Okay, so this part of the world isn’t exactly a massive travel hotbed but our Baltic backpacking route might just surprise you. There is no well-trodden backpacker trail here. Every traveller you meet will tend to have their own unique reason for being in the Baltic area while the locals are friendly and appreciative of anyone who has chosen to visit their little corner of the planet. As well as visiting the three Baltic States (Estonia, Lithuania and Latvia), our route sees you dive into Finland for a quick taste of Scandinavia and also takes in a little bit of Mother Russia. On the whole this is an underrated and very budget friendly part of Europe.
TIME NEEDED – 3 WEEKS
You can see most places in a day or two and it’s quite a small area so 3 weeks should be enough.
POSSIBLE BUDGET – £700 €800 $900
These figures are based on May 2019 exchange rates and include daily travel costs in the region only. They DO NOT include any visa costs or flights to/from the region. Getting into Russia can be expensive not to mention complicated (more on Russian visas at the bottom of this page) and you may wish to focus on the Baltic states if your funds are limited and possibly also skip Finland which is considerably more expensive. For more see our backpacking costs in different European countries.
CUT YOUR BALTIC TRAVEL COSTS
We’d highly recommend getting a Revolut Card before you travel. This will enable you to hold a balance and pay for things in local currencies such as the Euro and Russian Ruble. Over the course of a lengthy backpacking trip, this will save you a lot of money as you’ll dodge most of those irritating hidden fees. You can easily load money directly from your bank via the app and can exchange it in an instant at excellent rates. They also have some great budgeting tools which will help you keep tabs on your expenditure and make sure you are not overspending.
It is advisable to get insured for all trips abroad. Read more here about options for finding the best travel insurance for backpackers.
Backpacking The Baltics – A 3 Week Itinerary
Visit Russia’s Baltic Pearl
Russia’s second city is one that has gone through many transformations and several name changes over the centuries but has always retained an almost magical feel. The Hermitage Museum (Winter Palace) is the main attraction here but there’s so much culture in the form of world class opera, ballet and contemporary art that you can easily spend many days in this city and discover plenty of new things. Backpacking in Russia isn’t too popular (largely due to its size) but some of the hostels in St Petersburg are fantastic with well-run trips, city tours and bar crawls to get involved in.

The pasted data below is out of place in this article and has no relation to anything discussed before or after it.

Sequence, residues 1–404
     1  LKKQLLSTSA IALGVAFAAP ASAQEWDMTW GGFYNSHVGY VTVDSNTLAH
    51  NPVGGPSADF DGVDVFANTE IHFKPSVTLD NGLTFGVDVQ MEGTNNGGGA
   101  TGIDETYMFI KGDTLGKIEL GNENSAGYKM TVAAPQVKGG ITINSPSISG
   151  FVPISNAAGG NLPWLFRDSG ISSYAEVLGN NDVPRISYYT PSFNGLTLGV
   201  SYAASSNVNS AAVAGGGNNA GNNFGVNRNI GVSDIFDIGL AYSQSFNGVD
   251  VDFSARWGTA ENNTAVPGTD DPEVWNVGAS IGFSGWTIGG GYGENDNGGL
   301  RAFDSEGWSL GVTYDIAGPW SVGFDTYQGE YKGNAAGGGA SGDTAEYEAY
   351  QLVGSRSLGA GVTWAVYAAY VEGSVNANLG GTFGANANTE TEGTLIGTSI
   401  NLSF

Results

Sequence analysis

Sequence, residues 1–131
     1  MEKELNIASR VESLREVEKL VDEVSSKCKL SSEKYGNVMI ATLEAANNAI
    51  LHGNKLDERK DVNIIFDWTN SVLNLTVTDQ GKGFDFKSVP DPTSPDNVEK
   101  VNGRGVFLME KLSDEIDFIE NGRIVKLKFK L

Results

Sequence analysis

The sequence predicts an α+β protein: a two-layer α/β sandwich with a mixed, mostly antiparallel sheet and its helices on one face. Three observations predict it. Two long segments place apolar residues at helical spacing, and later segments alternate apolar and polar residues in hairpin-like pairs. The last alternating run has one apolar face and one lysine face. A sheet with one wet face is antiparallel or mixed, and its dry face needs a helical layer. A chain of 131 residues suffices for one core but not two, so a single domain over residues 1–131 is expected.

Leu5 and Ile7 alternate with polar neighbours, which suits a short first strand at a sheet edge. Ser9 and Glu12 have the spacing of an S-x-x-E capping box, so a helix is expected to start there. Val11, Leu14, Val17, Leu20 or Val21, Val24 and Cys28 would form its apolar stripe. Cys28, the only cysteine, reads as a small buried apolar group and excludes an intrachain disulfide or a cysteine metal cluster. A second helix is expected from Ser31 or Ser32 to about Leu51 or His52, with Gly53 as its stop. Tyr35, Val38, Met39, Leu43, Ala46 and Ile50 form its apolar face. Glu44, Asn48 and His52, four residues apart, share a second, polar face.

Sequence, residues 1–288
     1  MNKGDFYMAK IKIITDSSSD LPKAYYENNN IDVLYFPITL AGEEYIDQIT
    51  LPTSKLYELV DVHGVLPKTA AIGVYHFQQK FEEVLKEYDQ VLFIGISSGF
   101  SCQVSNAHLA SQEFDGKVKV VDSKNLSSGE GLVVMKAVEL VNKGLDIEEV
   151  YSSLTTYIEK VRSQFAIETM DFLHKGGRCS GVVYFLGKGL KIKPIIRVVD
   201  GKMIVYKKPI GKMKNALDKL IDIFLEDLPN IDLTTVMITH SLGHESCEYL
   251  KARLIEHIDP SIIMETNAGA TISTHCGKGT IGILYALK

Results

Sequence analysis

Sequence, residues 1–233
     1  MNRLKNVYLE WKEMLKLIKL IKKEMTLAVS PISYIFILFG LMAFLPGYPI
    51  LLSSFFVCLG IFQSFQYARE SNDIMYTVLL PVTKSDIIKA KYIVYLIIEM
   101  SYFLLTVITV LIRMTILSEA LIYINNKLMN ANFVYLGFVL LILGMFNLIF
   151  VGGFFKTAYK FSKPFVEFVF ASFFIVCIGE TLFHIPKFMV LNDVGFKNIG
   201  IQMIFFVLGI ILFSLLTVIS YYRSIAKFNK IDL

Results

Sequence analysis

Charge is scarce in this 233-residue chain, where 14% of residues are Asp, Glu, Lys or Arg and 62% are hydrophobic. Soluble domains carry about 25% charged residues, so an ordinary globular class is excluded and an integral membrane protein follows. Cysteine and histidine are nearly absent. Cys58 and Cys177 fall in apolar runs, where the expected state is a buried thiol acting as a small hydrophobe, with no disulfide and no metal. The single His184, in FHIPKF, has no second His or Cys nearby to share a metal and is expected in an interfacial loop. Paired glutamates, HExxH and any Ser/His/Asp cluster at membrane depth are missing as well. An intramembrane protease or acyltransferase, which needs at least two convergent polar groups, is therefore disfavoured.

Getting to Helsinki is possible via a pretty quick 4-5 hour train or overnight ferry across the Baltic.
Dive into Finland
It’s probably fair to say that Helsinki isn’t one of Europe’s beautiful capital cities and the expense of pretty much everything here will also put you off from staying long. However it does have its charms with highlights including ice skating in the city’s squares during the long dark winter and joining the metal-loving Finns in moshing to heavy rock music in the bars and clubs.
Get Medieval in Estonia
The medieval city of Tallinn perches on a hill overlooking the icy Baltic Sea. It’s only a very short hop on a ferry from Helsinki but after decades as part of the Soviet Union, the differences are still very evident. Its Old Town is beautiful and the grand castle still dominates the skyline but it is also a city moving forward and its lively and cheap nightlife attracts visitors from all over Europe.
For more on the Estonian capital see Life after the Iron Curtain in Tallinn.
A small but charming riverside city in Southern Estonia. It’s a thriving student centre full of young intellectuals who get together in one of the many traditional underground cellar bars when night falls. Tartu featured on our countdown of new backpacking hotspots a few years back.
Latvia Backpacking Route
Located in a deep valley this is definitely a place for the adventure traveller. Castles, caves and eerie ruins are there to be explored. Meanwhile other exhilarating activities include breaking the laws of gravity in the state-of-the art flight simulator. There is also the opportunity to rapidly slide down the town’s bobsled track (if you come in summer it the track is converted for ‘wheel-bobs’).
With an impressive old town and some crazy nightlife, the Latvian capital draws parallels with Tallinn. However it is much bigger than its Baltic neighbour and in parts is a bit ‘rough around the edges’. There are plenty of hostels and some backpacker geared bars but there is plenty to see and do with the city famous for its impressive Art Nouveau architecture.
This seaside town boasts some of the best beaches in the Baltic and is a must-visit if you come during summer when it hosts some top music festivals. The Northern part of the city (Karosta) used to be a secret Soviet military town and makes for a fascinating visit. You can even stay overnight in Karosta Prison where you will be treated just like the military prisoners who were held here until as recently as 1997!